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India’s son-in-law? Sunak finds little to cheer in G20 summit visit
13 Sep 2023 1:00 AM GMT (Updated:2023-09-13 06:09:16.0)
Instead of getting a rapturous reception, the British PM was shunted down the pecking order, with the prized position going to Joe Biden
The G20 summit has come and gone in the blink of an eye and British PrimeMinister Rishi Sunak has returned home a little disappointed.
The Indian-origin Sunak, with his Indian-national wife in tow, had described his first trip to India as the Prime Minister of Great Britain as a “special moment” before he left the British Isles. As the “son-in-law” of India and “the living bridge” that Prime Minister Narendra Modi had called him when he assumed office in October last year, Sunak had expected preferential treatment among the world leaders who had gathered in New Delhi.
After all, he was the conquering hero returning home! The personification of the empire striking back! Sunak had expected a rapturous reception, but instead, he was made to wait for a day to meet Modi and, that too, without the impressive photo-op that was promised. Sunak found himself shunted down the pecking order, with the prized position going to US President Joe Biden.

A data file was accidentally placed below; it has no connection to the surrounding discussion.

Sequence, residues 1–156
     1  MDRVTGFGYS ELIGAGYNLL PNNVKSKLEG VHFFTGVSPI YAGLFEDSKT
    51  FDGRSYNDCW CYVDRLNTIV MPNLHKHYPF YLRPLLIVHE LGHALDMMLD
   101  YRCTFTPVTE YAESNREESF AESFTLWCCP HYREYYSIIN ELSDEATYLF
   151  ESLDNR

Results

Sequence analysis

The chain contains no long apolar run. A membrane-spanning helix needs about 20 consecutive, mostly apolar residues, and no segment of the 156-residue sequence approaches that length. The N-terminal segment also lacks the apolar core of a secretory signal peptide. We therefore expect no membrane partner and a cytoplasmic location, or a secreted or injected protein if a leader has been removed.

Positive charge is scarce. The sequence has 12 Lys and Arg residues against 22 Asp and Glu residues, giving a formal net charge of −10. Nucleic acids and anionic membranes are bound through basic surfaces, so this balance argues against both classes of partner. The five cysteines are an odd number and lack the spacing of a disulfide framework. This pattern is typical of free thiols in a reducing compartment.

Britain’s first Prime Minister of colour, and of Indian descent to boot, was scheduled to meet Modi on Friday at the latter's grand residence for that bear hug with the world’s media there to click the moment for posterity, but he finally got to meet him on Saturday in a soulless conference room at the G20 complex. Sunak put on a brave face and emerged from the meeting in his usual buoyant mood.
“Prime Minister Modi and I had a very warm and productive discussion on a range of things,” he told the waiting UK press pack that had travelled to New Delhi with him.
Series of disappointments
Modi was not the only person to cancel on Sunak on Friday night — a delegation of business executives was forced to abandon a planned event with him after struggling to get past the roadblocks erected across the capital for the summit.